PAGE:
More choice requires more clarity in decision making and non-resident Indians (NRIs), especially those living in the developed world, have a variety of avenues for their investments. They may, for example, choose to invest in the country of their residence or park their savings in the Indian market.
Though the Indian economy has slowed down significantly and is not as attractive an investment destination as it was until a few years ago, it remains one of the fastest growing large economies in the world. The motivation for investing in India could range from just diversification of the portfolio to better understanding of the Indian conditions.
However, questions such as the amount of allocation and the choice of assets must be answered before NRIs begin to build their India portfolio.
The allocation arithmetic:
To solve the puzzle of allocation, NRIs investing in India can be divided into two groups. First, those who have liabilities in India or those who want to come back and settle in India. Second, those who do not intend to come back in the foreseeable future.
Naturally, it would make more sense for NRIs who intend to return or have expenses in India to allocate more money towards an India-focused investment. Says Suresh Sadagopan, founder, Ladder7 Financial Advisories, a financial planning firm: “NRIs should look at Indian assets on merit.”
It should be noted that investing in India also has currency risk and may affect returns for NRIs looking forward to repatriate money back to the country of their residence. For example, if an NRI invests in an instrument in India and earns 10% in a year, but if the currency falls by more than 10%, as it has happened in the last few months, he will suffer a loss. However, if the idea is to invest for future needs in India, the rupee depreciation will not matter much as expense will also be in rupees.
Choice of assets:
NRIs have the choice of investing in equity, debt and real estate in India. NRIs can invest both directly and through mutual funds in the Indian equity and the debt markets.
Says B. Gopkumar, executive vice-president and head-broking, Kotak Securities Ltd: “The term deposits are very attractive for NRIs right now.” Term deposits are offered by commercial banks in India. Gopkumar argues that there is huge interest rate arbitrage for NRIs in term deposits. While an NRI will earn about 2.5-3% in the developed world, the interest rate is 8.5-9% on non-resident external (NRE) accounts, where money is freely repatriable and the interest is also tax-free in India. So even if gains are affected due to a fall in rupee, NRIs could still earn more on their investment compared with fixed-income products in the developed world.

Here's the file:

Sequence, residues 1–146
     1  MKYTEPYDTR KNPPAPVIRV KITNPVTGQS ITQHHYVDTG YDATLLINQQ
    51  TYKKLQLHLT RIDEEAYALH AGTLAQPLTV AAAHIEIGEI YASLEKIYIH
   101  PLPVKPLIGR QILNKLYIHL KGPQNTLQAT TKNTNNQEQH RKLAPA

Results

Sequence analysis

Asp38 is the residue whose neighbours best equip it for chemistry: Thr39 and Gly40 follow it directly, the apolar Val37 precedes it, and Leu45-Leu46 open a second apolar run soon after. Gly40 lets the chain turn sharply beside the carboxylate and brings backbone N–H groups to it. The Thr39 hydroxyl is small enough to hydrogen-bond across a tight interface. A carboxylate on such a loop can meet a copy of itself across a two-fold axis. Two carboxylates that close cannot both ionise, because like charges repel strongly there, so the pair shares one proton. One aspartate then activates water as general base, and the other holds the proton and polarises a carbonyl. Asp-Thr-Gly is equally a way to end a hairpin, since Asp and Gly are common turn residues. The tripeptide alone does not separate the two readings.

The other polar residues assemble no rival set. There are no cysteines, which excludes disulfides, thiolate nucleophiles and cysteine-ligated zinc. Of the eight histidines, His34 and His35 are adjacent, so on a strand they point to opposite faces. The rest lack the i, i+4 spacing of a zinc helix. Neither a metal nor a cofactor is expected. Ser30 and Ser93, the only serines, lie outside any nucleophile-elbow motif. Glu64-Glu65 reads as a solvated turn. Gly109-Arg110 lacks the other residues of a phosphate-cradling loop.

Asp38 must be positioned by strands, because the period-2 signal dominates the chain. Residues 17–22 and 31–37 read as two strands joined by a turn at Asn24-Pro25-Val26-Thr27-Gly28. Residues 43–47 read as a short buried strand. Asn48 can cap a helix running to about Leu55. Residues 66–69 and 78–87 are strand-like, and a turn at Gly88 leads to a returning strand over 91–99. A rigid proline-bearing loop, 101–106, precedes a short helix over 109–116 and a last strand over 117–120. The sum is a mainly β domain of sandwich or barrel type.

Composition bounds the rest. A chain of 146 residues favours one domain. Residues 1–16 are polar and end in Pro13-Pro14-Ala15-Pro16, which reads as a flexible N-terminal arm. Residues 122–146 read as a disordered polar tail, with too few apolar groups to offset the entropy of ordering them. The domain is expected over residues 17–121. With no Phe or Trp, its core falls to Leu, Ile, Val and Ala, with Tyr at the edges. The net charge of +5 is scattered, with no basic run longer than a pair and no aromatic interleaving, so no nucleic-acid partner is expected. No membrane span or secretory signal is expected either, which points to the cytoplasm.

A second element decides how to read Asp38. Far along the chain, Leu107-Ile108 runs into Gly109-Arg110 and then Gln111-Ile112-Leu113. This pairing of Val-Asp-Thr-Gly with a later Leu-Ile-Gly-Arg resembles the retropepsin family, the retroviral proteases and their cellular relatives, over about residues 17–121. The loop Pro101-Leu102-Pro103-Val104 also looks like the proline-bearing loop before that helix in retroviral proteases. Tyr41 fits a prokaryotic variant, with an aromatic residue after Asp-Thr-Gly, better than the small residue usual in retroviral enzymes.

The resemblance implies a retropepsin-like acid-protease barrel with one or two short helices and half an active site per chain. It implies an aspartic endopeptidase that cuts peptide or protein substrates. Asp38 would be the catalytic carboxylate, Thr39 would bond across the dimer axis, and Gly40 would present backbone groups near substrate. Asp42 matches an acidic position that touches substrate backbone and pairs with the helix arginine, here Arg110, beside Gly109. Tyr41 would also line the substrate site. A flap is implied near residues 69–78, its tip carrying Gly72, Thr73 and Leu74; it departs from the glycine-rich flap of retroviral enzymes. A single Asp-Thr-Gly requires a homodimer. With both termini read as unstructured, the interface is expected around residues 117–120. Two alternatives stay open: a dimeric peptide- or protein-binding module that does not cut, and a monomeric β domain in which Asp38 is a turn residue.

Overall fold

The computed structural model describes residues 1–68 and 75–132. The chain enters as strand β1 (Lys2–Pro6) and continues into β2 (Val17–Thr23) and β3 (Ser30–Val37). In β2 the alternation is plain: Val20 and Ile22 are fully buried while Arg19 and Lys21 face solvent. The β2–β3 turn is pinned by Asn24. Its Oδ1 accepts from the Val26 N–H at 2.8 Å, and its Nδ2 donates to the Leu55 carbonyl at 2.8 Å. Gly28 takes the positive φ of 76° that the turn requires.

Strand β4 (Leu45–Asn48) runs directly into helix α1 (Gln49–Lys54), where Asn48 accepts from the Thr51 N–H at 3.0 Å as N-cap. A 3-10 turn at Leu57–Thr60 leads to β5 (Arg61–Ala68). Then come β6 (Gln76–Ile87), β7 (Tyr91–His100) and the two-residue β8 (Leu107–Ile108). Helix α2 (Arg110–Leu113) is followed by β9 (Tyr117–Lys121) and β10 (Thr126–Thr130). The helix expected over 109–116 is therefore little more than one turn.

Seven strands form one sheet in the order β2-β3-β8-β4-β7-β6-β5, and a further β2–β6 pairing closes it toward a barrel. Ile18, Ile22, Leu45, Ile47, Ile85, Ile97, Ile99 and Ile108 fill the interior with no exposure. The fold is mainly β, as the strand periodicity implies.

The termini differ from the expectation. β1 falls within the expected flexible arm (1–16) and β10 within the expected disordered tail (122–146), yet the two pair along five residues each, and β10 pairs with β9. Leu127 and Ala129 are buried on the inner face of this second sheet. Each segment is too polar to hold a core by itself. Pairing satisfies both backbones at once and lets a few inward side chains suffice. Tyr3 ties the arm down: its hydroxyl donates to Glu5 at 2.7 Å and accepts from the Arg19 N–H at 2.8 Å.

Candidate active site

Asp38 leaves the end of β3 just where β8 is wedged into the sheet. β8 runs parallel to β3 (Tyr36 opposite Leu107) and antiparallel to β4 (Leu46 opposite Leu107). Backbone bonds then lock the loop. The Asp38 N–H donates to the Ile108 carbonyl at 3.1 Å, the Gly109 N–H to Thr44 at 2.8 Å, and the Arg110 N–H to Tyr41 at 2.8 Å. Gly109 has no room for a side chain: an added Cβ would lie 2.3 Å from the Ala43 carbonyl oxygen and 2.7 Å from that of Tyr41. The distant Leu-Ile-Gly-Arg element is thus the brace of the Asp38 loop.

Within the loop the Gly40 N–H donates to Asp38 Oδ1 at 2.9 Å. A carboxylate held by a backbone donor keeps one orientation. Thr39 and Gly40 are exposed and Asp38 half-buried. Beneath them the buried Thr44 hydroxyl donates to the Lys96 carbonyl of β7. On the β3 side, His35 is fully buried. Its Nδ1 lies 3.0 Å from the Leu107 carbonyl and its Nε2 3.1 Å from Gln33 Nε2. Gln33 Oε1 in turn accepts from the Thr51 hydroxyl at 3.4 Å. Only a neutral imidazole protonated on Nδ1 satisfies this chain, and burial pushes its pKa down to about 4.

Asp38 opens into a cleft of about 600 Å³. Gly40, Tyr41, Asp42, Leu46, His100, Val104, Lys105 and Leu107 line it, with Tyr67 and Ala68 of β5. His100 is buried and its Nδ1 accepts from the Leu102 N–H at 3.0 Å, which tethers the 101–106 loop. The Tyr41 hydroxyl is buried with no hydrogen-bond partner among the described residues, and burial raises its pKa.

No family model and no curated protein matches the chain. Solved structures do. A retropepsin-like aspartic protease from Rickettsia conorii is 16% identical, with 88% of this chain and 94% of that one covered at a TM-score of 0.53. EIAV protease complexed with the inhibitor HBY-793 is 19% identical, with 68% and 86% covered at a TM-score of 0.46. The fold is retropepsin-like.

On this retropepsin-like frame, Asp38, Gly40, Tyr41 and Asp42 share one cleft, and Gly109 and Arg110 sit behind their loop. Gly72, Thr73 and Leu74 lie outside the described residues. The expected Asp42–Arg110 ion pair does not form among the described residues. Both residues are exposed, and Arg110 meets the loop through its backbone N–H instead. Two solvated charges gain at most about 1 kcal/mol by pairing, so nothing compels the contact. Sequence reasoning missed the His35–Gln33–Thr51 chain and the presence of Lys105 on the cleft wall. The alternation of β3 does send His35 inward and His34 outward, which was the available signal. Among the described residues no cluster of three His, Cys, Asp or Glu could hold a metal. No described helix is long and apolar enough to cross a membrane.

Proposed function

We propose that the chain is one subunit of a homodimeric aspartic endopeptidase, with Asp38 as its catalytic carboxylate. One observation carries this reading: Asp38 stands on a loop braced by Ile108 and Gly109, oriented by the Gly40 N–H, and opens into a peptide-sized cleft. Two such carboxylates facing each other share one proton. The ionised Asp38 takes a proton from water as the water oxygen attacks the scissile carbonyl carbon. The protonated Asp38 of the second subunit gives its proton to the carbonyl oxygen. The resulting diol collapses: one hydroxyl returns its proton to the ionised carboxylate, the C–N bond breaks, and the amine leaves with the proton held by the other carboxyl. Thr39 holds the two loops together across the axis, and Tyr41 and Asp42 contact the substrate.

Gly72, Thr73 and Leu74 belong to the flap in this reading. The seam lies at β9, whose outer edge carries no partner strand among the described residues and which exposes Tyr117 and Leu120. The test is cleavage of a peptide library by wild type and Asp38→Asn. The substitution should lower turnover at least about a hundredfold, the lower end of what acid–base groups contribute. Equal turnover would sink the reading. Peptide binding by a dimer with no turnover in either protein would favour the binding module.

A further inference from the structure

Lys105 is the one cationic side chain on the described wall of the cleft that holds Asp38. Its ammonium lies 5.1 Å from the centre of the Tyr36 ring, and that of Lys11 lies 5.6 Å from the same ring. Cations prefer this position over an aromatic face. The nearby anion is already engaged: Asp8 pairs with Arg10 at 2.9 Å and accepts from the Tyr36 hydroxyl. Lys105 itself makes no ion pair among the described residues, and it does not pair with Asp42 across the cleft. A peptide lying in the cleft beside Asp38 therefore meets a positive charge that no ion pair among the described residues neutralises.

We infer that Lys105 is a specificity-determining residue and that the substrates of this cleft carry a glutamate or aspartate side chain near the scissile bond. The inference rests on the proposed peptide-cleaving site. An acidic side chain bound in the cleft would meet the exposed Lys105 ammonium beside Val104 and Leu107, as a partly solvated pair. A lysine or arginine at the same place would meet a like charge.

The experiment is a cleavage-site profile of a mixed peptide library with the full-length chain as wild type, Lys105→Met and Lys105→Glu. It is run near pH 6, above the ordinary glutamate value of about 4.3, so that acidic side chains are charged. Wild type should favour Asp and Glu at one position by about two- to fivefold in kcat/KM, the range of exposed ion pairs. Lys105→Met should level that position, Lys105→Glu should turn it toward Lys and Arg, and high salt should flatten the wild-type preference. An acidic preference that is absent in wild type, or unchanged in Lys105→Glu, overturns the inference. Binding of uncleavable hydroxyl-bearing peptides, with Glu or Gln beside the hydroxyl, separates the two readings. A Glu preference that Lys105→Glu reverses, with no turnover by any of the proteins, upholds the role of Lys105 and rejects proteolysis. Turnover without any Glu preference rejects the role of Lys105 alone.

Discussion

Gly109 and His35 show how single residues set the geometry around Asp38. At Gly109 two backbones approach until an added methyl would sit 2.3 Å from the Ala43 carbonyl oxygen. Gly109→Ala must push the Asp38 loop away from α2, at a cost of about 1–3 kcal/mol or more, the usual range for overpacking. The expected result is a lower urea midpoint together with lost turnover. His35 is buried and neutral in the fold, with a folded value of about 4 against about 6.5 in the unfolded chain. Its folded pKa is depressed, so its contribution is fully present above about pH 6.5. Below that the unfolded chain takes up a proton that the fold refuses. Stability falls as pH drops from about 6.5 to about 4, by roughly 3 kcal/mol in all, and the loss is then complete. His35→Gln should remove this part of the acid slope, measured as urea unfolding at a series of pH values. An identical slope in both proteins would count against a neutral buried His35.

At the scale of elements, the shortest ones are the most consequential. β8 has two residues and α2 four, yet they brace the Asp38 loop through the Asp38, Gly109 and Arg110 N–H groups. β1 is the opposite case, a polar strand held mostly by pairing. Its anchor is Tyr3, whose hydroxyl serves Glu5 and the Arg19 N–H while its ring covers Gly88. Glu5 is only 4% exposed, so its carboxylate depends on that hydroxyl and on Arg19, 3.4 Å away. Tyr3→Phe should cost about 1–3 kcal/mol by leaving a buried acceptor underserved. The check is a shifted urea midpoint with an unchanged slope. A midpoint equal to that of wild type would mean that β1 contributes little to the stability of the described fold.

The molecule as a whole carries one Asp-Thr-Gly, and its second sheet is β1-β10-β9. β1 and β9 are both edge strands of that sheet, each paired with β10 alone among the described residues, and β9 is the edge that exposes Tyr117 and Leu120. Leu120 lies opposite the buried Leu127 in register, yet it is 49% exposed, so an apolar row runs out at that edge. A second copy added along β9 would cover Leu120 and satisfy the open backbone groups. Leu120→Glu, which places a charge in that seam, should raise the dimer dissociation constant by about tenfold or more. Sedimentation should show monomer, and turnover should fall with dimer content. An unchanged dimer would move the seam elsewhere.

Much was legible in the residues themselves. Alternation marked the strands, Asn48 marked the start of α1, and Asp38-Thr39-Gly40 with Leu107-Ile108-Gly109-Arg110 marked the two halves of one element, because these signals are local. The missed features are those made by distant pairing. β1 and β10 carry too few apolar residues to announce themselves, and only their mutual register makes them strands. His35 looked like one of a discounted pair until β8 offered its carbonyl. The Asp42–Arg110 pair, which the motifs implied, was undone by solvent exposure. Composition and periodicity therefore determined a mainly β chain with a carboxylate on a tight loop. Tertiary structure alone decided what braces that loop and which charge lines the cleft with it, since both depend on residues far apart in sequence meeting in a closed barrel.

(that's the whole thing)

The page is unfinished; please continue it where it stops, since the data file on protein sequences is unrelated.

NRIs comfortable with equity may also like to accumulate shares of some of the frontline companies in India.
In real estate, too, the case is more compelling for NRIs who wish to come back and settle in India. This asset class may not make much sense if the property is bought only for investment purpose. Since the owner will not be living in India, there is a chance that she will lose out on the rental income and it is only capital appreciation that will count, which according to experts, is similar to returns in other assets in the long run. Says Vishal Kapoor, general manager (wealth management), India and South Asia, Standard Chartered Bank: “One should not be over-exposed to real estate.” People generally see real estate as a high return asset, but Kapoor argues that it is not the only asset that gives good returns.
For NRIs, investment in India should be part of the overall financial plan. However, it makes sense if NRIs with current or future financial commitments in India keep some part of their portfolio in India. For NRIs who do not plan to come back anytime soon, India is like any other market and the allocation should depend on the merit of Indian assets.